If someone won Wednesday night's Powerball jackpot, New Hampshire's tight state budget would be the big loser, according to the chairman of the New Hampshire Lottery Commission.
A winner of the $129 million jackpot would cool off betting in the final six weeks of the state's budget year, which could prevent the state from meeting its $71 million profit target, said Chairman Richard Campbell.
"We aren't going to make it unless Powerball gets on a roll," Campbell told Gov. John Lynch and the Executive Council during its breakfast meeting Wednesday.
Commissioners Paul Holloway and Arthur Klemm joined Campbell to deliver a wide-ranging and sobering outlook for the agency that created the state's first lottery 41 years ago.
"What we need is the ability to operate as a business," Holloway said. "If not, we will stay where we are, the status quo."
Gov. John Lynch called on the commission to "think outside the box" and prepare a long-range plan on how it would increase profit to $100 million a year.
"Think broadly about how we can improve," he said.
Powerball jackpots drive lottery sales, and last year they were large enough to generate at least $2.5 million a week on five occasions.
"This year, we have had only one of those runs," Campbell said.
The Tri-State Megabucks and related games sold in conjunction with Vermont and Maine earns New Hampshire $10 million a year, but it's off 1.5 percent this year, Campbell said.
Officials in the two other partner states are slow to accept new offerings that New Hampshire wants to offer customers.
"We have partners who are not very aggressive. If they don't meet their estimate, they just raise taxes," Holloway said.
"They continue to support tired programs."
Councilor Ruth Griffin, R-Portsmouth, said the commission should seek new alliances.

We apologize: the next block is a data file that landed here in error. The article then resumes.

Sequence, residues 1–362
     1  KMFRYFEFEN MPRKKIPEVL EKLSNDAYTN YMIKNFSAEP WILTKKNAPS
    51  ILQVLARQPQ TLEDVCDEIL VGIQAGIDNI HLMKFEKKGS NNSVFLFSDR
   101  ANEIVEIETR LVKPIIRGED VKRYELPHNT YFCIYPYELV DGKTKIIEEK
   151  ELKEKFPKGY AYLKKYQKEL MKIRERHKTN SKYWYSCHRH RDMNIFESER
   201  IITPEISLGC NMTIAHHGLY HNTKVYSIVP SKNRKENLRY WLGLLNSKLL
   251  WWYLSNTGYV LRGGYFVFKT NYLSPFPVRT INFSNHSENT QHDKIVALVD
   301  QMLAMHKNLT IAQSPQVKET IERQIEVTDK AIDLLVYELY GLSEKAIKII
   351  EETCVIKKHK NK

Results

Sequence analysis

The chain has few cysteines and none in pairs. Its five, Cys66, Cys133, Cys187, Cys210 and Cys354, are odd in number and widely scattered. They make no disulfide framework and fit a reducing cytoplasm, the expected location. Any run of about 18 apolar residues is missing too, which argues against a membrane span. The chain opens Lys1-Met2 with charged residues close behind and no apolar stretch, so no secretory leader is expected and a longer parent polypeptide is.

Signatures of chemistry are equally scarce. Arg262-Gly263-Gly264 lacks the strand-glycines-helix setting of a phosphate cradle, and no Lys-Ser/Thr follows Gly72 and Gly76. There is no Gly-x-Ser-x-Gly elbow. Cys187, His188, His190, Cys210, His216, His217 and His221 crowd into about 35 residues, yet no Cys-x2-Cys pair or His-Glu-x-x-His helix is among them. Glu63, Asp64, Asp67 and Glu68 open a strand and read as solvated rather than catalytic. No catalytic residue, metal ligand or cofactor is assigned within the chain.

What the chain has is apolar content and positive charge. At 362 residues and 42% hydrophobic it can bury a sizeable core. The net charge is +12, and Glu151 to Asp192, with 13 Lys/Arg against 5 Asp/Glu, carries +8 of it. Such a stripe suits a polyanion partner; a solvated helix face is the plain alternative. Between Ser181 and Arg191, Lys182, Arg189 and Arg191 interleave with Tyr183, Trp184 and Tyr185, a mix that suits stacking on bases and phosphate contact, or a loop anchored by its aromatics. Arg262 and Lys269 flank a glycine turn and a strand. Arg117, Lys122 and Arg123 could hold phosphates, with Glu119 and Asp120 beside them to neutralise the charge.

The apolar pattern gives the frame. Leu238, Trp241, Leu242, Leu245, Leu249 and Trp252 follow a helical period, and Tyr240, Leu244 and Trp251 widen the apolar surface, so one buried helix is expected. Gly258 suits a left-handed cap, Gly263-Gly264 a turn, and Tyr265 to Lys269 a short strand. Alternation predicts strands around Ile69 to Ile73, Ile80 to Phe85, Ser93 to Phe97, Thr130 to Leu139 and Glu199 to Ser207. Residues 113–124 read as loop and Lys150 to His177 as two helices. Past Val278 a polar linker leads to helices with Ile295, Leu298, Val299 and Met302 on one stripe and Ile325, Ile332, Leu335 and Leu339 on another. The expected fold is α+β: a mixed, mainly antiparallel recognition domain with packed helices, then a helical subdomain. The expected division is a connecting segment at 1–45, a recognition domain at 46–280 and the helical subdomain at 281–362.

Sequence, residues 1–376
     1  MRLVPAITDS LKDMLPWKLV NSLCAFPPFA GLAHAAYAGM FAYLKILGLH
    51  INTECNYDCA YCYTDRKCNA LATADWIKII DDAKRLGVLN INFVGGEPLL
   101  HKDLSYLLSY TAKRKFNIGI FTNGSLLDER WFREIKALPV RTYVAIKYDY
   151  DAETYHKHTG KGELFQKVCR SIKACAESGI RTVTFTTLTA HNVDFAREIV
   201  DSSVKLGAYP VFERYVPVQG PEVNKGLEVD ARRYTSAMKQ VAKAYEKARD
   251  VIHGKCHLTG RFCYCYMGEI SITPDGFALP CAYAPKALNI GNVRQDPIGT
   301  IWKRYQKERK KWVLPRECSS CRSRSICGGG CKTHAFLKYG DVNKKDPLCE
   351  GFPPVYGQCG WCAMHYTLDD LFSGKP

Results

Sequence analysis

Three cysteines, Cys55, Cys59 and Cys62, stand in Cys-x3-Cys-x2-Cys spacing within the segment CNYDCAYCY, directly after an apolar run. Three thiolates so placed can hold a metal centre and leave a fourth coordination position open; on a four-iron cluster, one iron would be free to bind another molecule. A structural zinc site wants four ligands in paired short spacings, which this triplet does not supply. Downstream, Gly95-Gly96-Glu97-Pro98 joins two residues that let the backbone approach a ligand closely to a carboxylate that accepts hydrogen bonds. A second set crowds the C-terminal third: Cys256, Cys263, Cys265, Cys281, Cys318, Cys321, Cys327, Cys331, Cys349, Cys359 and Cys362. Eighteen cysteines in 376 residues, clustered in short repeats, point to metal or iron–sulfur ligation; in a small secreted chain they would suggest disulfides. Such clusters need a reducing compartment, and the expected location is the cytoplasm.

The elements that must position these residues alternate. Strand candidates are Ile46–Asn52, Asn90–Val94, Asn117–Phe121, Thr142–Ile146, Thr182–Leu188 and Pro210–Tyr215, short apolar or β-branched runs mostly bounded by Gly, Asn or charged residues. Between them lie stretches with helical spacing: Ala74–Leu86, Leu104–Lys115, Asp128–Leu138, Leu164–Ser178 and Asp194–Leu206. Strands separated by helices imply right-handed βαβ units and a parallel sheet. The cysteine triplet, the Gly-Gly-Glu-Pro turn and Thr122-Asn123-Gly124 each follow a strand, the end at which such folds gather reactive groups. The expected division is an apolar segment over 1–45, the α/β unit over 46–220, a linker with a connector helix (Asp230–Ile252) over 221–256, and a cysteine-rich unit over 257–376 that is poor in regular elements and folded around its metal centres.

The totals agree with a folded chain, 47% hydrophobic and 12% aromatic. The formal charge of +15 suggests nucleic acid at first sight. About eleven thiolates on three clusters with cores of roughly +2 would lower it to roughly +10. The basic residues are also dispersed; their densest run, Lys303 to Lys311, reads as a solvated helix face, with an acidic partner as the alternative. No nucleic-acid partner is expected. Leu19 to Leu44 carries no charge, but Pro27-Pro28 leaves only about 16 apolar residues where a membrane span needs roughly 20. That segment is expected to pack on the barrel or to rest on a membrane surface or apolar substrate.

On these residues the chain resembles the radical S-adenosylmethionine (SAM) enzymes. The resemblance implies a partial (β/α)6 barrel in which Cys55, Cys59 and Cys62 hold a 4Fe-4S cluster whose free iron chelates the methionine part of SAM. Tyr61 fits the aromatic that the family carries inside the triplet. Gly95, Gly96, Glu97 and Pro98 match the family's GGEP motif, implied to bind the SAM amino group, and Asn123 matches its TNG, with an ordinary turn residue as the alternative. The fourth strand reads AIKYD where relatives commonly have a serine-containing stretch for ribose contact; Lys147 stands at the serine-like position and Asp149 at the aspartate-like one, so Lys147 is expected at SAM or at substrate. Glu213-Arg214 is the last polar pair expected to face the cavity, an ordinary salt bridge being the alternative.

"Why don't we get out of it?" Griffin asked of the tri-state compact.
The commission is in the early stages of exploring that option, Holloway said.
The commissioners said they can generate more profit for state aid to schools if given flexibility to pay its sales force a commission rather than a fixed salary, a bigger advertising budget and allow people to buy a yearlong subscription to Powerball online.
The Legislature has a mixed record on giving the lottery what it has asked for this year.
Members approved a bill that Lynch will sign later this spring to unveil a $20 scratch ticket to produce a projected $4.8 million more over the next two years. Currently, the most expensive scratch ticket is $10.
But the House killed a measure that would allow someone other than state lottery staff to sell tickets on a temporary basis at rest areas, bowling lanes and truck stops.
Massachusetts is cutting into New Hampshire sales with its Mass Millions game, Campbell said.
At times, it has larger jackpots than Powerball, and those should grow now that California has become the latest state to join the group.
Massachusetts also increased its advertising budget from $400,000 to $5 million a year. New Hampshire's annual ad budget is $1.2 million.
"They are targeting our border communities," Campbell said. "It has had an effect."